Investors will seek further clues on an impending rate increase from an annual symposium at Jackson Hole, Wyoming starting today. Central bankers gather there for an academic discussion on inflation just as China’s slowdown renews fears of falling prices. Fed Chair Janet Yellen won’t attend this year.

The Chicago Board Options Exchange Volatility Index fell 13 percent Thursday to 26.29, after trimming its drop to just 1.4 percent during equities’ brief afternoon pullback. The measure of market turbulence known as the VIX stretched its three-day decline to 36 percent after a record six-day jump sent the gauge to its highest level since October 2011.

Thursday’s bout of late-session turbulence came on a day when JPMorgan Chase & Co. derivatives strategist Marko Kolanovic warned that “price insensitive” program traders are likely to cause repeated selloffs in coming days.

The biggest moves will probably happen at the beginning and end of sessions as investors employing strategies such as trend following and managed volatility seek to balance their funds to reflect recent price changes in stocks.

“The obvious risk is if these technical flows outsize fundamental buyers,” Kolanovic said in a note to clients. “In the current environment of low liquidity, they may cause a market crash such as the one we saw at the U.S. market open on Monday.”

Energy Soars

All of the S&P 500’s main groups advanced, with industrial and financial companies joining energy and materials at the top. Utilities and consumer staples shares lagged for a second day.

The energy group had the best back-to-back gain in more than six years, up 8.6 percent since Tuesday’s close. Newfield Exploration Co. increased 9.4 percent, the most in six months, after losing 25 percent during the recent market selloff. Chevron Corp. added 6.2 percent to lead the Dow amid its best two days since November 2008. Apache Corp. and Halliburton Co. rose at least 8 percent.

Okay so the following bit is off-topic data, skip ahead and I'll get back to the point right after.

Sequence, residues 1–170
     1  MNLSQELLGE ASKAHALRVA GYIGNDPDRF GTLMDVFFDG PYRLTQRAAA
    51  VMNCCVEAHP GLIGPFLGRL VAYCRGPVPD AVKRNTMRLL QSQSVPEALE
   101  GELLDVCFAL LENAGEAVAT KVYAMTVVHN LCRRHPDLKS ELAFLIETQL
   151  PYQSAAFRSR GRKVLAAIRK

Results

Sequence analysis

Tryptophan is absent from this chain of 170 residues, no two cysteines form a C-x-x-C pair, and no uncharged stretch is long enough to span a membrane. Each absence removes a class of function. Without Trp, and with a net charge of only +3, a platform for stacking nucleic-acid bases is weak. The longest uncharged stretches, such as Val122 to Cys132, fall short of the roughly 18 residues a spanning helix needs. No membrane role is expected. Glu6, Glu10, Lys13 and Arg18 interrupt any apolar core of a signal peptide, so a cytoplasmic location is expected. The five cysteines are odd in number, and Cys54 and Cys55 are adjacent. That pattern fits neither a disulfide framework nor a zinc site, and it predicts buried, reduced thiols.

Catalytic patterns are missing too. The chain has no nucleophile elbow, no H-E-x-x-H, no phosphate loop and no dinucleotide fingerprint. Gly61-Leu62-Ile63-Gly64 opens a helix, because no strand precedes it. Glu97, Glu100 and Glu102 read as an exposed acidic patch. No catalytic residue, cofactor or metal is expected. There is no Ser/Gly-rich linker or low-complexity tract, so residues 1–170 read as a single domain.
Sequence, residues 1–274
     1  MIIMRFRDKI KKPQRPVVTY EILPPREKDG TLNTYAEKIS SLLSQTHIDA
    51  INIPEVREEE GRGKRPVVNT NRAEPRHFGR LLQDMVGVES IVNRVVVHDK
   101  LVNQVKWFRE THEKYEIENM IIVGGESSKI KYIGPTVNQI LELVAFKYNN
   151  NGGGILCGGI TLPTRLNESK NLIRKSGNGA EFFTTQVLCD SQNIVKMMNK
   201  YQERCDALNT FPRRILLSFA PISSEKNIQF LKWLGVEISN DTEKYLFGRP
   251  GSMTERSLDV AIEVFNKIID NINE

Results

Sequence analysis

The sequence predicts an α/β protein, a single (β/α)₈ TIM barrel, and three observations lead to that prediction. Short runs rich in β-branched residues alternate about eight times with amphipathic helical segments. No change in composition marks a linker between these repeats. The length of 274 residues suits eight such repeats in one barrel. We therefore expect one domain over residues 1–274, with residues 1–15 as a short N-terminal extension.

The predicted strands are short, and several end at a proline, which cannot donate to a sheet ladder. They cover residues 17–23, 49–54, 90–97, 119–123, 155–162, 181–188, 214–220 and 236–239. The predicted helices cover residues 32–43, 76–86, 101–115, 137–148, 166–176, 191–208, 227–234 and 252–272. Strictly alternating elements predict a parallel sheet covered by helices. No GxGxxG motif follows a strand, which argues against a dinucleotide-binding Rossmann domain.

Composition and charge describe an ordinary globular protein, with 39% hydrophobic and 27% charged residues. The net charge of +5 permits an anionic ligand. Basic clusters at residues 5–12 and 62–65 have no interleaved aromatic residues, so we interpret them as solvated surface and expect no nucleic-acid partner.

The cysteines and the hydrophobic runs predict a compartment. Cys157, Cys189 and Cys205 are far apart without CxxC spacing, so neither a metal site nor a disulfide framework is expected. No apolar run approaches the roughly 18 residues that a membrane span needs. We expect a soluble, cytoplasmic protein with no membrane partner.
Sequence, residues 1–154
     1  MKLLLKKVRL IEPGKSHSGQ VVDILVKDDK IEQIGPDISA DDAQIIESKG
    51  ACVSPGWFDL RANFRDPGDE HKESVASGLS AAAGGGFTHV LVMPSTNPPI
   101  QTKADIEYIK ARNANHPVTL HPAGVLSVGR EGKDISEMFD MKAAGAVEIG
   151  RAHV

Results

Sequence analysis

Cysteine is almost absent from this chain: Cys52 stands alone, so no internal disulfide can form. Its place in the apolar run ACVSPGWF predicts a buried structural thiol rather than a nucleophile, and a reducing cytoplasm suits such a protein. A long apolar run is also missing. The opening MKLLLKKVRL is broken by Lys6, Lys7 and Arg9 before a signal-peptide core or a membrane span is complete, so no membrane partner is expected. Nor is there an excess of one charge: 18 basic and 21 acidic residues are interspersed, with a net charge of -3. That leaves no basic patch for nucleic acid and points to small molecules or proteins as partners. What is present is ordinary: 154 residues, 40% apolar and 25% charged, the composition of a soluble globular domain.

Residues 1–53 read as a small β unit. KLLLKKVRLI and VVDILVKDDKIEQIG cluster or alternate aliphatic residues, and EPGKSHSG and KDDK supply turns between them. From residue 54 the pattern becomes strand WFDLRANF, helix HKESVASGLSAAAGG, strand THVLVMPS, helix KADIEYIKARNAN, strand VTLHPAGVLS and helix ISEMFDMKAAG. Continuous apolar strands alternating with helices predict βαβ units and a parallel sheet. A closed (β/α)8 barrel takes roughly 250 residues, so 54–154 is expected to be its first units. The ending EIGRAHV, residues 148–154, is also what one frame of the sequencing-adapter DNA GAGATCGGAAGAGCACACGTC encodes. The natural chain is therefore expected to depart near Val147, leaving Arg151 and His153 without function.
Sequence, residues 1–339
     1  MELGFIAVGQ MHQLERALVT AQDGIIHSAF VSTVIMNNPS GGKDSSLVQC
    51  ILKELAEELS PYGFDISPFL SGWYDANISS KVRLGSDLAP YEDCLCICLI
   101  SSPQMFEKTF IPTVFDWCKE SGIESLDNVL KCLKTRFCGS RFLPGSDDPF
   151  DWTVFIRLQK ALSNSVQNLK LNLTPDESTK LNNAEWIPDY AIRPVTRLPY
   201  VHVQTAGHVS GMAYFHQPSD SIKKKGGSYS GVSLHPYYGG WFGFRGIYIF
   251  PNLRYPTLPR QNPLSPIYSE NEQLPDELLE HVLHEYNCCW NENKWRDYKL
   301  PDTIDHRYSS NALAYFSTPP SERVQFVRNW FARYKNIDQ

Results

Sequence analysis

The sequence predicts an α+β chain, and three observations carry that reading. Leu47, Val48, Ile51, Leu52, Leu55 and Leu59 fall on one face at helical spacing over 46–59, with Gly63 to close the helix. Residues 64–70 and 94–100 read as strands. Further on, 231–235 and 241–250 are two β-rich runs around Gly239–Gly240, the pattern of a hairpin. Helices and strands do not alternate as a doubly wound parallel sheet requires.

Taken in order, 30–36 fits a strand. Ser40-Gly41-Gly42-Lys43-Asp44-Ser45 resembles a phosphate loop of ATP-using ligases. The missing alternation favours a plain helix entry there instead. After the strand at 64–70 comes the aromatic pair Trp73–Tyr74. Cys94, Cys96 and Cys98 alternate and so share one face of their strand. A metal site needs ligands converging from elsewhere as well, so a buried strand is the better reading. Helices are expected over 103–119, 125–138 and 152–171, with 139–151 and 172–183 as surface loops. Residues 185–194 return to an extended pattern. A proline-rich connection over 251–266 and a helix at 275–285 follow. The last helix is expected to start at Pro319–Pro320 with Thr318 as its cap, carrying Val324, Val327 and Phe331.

Two-day energy rally the most since 2008
Two-day energy rally the most since 2008

Freeport-McMoRan’s strongest rally ever led raw-materials higher. The largest publicly traded copper producer unveiled plans today to cut production and investments in an effort to preserve margins after commodity prices tumbled. Freeport’s shares are still down 56 percent this year. After the close of trading, Carl Icahn disclosed a new activist stake in the miner. Alcoa Inc. jumped 7.2 percent, while Dow Chemical Co. headed for its largest increase in 19 months, up 6.6 percent.

Signet Jewelers Ltd. surged 14 percent, its best gain since February 2014 and the most among consumer discretionary shares, after second-quarter sales and profit exceeded analysts’ forecasts. Apparel makers Michael Kors Holdings Ltd., PVH Corp. and Under Armour Inc. advanced more than 5.3 percent amid signs of better consumer spending in today’s GDP data.

Semiconductors continued to be the driver behind the technology group, rising 8.9 percent since Tuesday. Avago Technologies Ltd. climbed 8.6 percent to bring its two-day increase to 16 percent. Micron Technology Inc. rose 8.7 percent, while Applied Materials Inc. and Qorvo Inc. added at least 3.7 percent.

Railroads helped pace a climb among industrial companies after the second-quarter GDP report showed the economy improved more than expected. Norfolk Southern Corp., CSX Corp. and Kansas City Southern each rallied more than 4.2 percent, after sliding at least 12 percent during the five sessions that ended on Tuesday. The Dow Jones Transportation Average is up 5.4 percent after yesterday’s gain, its strongest back-to-back advance since 2011.

Before it's here, it's on the Bloomberg Terminal. LEARN MORE